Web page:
Relevant analysis centers, such as the Institute for Fiscal Studies, predict an increase in unemployment that may reach 5.8% by the end of 2024. The slight reduction in business activity has caused the number of job vacancies to decline. Meanwhile, rising average salary increases continue to transmit inflationary pressure to the Bank of England, something that has raised concerns among analysts.

Italy: tourism as an economic engine

The labor market in Italy is progressively improving. The country has experienced a marked drop in unemployment in recent months. The unemployment rate stood at around 7.3% in August (0.2% less than the previous month) — one of the lowest recorded in the last 14 years.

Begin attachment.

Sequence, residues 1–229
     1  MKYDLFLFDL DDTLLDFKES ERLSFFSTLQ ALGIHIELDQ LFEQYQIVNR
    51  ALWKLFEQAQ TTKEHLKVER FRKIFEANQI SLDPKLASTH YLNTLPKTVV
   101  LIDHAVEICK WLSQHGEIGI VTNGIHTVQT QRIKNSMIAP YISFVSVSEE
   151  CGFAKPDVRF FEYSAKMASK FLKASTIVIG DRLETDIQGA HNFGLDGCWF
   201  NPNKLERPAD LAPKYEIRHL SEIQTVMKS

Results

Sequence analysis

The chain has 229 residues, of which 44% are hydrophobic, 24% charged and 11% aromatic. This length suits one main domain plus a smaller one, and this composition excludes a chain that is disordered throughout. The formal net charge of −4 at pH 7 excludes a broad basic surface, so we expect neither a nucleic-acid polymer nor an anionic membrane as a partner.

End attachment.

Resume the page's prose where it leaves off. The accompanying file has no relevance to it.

Italy’s tourism sector has contributed substantially to these good results. Of the 523,000 new jobs that were filled in August, 130,000 came from this sector. The occupancy rate of hotel rooms in August was 61.5%, about 2.3% higher than in August 2022.

Italy has had a problem of unfilled job vacancies in recent years, due in part to low salaries that are also barely increasing. In the second quarter of this year, the vacancy rate remained stable at 2.1% and increased slightly in the services sector. Italy expects GDP to grow in both 2023 (1.2%) and 2024 (1.1%), although more slowly than in 2022 (3.7%). The government predicts that employment will increase in line with GDP and also predicts a decrease in the unemployment rate. Although the positive results in the labor market are encouraging, some challenges remain, such as the low participation of women and youth in the workforce.

The Netherlands: pressing labor needs